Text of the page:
These can make a woman miscarrie in childbirth, and destroie the child in the mother's wombe, without any sensible

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means either inwardlie or outwardlie applied. These can with their looks kill either man or beast.

“ Others doo write, that they can pull downe the moone and the starres. Some write that with wishing they can send needles into the livers of their enemies. Some that they can transferre corne in the blade from one place to another. Some, that they can cure diseases supernaturallie, fie in the aire, and danse with divels, Some write, that they can plaie the part of Succubus, and contract themselves to Incubus. Some saie they can transubstantiate themselves and others, and take the forms and shapes of asses, woolves, ferrets, cowes, asses, horsses, hogs, &c. Some say they can keepe divels and spirits in the likenesse of todes and cats.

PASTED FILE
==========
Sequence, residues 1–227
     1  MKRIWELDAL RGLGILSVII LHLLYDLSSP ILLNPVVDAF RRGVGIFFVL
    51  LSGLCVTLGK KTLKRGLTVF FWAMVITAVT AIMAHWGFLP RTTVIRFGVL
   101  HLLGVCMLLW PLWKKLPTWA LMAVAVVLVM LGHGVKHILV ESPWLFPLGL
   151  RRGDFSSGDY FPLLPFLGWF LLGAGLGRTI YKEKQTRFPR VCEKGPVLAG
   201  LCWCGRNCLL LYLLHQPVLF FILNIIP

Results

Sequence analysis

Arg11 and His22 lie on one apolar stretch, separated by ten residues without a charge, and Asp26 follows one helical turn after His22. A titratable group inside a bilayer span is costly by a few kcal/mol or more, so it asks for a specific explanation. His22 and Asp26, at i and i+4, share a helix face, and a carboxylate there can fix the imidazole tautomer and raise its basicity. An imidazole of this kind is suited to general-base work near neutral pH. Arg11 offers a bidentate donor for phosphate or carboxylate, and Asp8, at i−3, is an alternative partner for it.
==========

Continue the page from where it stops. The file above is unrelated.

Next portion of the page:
They can raise spirits (as others affirme), drie up springs, turne the course of running waters, inhibit the sune, and staie both day and night, changing the one into the other. They can go in and out at awger holes, and saile in an egge shell, a cockle or muscle shell, through and under the tempestuous seas. — They can bring soules out of the graves. They can teare snakes in pieces. — They can also bring to pass, that chearne as long as you list, your butter will not come; especiallie, if either the maids have eaten up the creame; or the good-wife have sold the butter before in the market.*